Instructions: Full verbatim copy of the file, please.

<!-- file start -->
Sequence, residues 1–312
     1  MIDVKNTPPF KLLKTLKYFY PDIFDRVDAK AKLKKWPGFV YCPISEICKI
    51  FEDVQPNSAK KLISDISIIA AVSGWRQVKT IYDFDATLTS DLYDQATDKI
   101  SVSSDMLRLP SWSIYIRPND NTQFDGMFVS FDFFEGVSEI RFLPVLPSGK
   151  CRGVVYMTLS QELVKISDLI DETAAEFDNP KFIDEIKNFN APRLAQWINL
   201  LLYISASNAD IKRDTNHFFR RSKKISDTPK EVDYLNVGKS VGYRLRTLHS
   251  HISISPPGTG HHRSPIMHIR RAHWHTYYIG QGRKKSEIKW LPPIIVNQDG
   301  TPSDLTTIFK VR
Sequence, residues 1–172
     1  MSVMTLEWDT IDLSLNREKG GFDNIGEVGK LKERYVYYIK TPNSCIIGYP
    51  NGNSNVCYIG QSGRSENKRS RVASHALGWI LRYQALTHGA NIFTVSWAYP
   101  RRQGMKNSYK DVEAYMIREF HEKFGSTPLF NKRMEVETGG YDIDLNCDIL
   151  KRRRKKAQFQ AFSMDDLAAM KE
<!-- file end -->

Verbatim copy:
Sequence, residues 1–312
     1  MIDVKNTPPF KLLKTLKYFY PDIFDRVDAK AKLKKWPGFV YCPISEICKI
    51  FEDVQPNSAK KLISDISIIA AVSGWRQVKT IYDFDATLTS DLYDQATDKI
   101  SVSSDMLRLP SWSIYIRPND NTQFDGMFVS FDFFEGVSEI RFLPVLPSGK
   151  CRGVVYMTLS QELVKISDLI DETAAEFDNP KFIDEIKNFN APRLAQWINL
   201  LLYISASNAD IKRDTNHFFR RSKKISDTPK EVDYLNVGKS VGYRLRTLHS
   251  HISISPPGTG HHRSPIMHIR RAHWHTYYIG QGRKKSEIKW LPPIIVNQDG
   301  TPSDLTTIFK VR
Sequence, residues 1–172
     1  MSVMTLEWDT IDLSLNREKG GFDNIGEVGK LKERYVYYIK TPNSCIIGYP
    51  NGNSNVCYIG QSGRSENKRS RVASHALGWI LRYQALTHGA NIFTVSWAYP
   101  RRQGMKNSYK DVEAYMIREF HEKFGSTPLF NKRMEVETGG YDIDLNCDIL
   151  KRRRKKAQFQ AFSMDDLAAM KE